Professional bodies need to embrace their ‘moral obligation’ to improve standards and safety in buildings before a new, tougher regulatory regime is enforced later this year, says reformer Dame Judith Hackitt.
She said the Covid-19 crisis was being used as an excuse to return to a culture of ‘corner cutting’ and for further delay in adopting new working practices, adding that ‘our urgent calls for proactive, collaborative leadership do not yet appear to have been heeded’.
Speaking at the launch of her Industry Safety Steering Group’s (ISSG’s) second report, she expressed frustration at the slow pace of change.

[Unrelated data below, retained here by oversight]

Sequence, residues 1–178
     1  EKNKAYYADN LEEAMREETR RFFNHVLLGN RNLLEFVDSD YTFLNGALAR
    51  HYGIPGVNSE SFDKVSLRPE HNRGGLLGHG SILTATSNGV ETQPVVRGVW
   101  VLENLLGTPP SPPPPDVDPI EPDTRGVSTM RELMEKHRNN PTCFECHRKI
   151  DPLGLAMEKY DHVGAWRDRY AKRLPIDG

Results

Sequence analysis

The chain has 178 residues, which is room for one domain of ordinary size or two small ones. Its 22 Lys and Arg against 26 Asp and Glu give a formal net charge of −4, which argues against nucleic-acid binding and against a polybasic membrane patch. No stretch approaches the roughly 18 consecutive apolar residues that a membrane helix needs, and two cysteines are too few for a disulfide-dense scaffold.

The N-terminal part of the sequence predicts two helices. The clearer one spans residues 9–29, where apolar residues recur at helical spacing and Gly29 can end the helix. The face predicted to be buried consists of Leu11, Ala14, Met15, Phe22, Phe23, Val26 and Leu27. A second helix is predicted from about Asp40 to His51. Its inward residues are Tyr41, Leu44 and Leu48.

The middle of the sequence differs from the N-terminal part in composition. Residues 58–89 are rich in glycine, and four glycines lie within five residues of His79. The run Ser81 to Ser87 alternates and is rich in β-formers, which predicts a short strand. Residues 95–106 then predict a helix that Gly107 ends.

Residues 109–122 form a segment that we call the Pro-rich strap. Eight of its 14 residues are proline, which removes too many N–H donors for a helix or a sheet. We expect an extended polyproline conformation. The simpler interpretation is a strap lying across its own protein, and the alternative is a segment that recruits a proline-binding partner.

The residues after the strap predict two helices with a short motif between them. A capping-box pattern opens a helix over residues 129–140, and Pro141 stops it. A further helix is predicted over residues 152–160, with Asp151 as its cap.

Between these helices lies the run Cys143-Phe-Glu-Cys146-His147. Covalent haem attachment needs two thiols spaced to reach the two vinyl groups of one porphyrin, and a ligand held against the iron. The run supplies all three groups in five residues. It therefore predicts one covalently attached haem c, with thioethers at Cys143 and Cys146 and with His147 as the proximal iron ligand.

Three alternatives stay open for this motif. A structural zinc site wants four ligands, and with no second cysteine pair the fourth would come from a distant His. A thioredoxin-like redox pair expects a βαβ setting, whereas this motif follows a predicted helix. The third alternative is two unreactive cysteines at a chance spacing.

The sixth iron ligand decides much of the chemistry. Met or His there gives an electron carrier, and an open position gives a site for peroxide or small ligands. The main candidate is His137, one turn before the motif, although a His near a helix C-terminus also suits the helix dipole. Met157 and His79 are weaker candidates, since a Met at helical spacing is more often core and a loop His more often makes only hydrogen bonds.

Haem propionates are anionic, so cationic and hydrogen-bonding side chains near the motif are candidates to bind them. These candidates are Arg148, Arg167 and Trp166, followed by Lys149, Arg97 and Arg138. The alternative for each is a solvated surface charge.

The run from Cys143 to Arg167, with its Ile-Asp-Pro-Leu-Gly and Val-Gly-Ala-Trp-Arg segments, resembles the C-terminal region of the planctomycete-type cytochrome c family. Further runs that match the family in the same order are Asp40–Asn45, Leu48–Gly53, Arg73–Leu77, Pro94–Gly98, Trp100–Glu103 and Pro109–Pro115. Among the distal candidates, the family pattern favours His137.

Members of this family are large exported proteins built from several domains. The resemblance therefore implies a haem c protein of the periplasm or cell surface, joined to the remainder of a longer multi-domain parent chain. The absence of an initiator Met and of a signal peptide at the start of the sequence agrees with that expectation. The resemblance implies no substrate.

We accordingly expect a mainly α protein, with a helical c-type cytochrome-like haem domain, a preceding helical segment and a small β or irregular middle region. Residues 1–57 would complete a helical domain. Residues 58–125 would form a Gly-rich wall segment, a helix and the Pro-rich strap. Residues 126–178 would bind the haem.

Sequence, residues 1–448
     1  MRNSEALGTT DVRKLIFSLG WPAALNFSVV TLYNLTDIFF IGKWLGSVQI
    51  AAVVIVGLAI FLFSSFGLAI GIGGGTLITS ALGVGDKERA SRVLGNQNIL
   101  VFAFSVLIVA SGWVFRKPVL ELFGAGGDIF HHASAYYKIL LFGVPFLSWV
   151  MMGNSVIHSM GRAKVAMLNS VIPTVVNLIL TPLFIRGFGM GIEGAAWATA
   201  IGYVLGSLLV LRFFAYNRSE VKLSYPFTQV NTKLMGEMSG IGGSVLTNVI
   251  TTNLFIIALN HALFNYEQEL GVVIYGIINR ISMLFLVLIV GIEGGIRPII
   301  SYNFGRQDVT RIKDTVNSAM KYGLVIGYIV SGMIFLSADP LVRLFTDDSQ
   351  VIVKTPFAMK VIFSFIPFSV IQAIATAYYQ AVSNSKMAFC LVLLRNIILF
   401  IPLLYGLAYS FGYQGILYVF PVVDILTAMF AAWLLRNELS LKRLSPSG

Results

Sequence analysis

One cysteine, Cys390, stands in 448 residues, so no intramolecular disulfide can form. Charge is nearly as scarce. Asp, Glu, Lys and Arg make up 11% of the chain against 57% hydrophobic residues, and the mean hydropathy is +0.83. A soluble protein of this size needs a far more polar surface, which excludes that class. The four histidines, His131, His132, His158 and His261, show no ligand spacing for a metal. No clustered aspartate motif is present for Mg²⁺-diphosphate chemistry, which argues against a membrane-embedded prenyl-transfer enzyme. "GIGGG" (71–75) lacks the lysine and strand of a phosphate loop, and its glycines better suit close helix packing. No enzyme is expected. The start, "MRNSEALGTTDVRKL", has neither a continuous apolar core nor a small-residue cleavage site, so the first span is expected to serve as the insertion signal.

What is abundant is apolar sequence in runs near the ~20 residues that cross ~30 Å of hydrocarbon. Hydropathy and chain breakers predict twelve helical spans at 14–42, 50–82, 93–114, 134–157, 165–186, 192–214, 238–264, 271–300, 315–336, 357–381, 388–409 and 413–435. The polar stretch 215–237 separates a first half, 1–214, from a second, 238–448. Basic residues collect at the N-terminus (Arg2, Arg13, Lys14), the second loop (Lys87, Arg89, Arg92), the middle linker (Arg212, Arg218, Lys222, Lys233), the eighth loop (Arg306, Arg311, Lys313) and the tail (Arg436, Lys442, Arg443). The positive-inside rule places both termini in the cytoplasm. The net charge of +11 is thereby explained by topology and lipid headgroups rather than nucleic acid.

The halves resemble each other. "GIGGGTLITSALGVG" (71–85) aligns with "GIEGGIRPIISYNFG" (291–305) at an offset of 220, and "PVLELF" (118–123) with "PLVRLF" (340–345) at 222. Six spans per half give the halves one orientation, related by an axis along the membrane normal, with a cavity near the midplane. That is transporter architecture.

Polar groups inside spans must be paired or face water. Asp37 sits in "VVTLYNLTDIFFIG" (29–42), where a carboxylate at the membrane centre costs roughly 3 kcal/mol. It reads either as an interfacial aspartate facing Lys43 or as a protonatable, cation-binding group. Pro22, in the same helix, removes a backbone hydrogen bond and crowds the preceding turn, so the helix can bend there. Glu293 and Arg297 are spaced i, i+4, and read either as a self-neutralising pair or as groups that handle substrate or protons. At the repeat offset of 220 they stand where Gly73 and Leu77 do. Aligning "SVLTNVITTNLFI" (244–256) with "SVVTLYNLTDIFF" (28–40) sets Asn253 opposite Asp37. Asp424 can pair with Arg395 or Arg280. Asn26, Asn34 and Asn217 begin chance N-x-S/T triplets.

‘In the past year, it has become clear that some parts of the industry are making real progress, but it has been equally frustrating for me and my colleagues on ISSG to keep hearing that others are waiting to see what the new regulatory regime looks like before they take action.
‘Given the clear evidence that continues to emerge of concerns about high-rise building safety –which go beyond ACM cladding – we believe that there is a moral obligation on the industry to step up to a different approach.’
Dame Judith said the steering group, which was only intended to operate for two years, would remain in place until the proposed Building Safety Bill was passed into law and the new industry regulator was in post.
According to the ISSG report, some parts of the industry are rising to the challenge, including the Construction Leadership Council, which has set out goals to improve building safety in its Roadmap for Recovery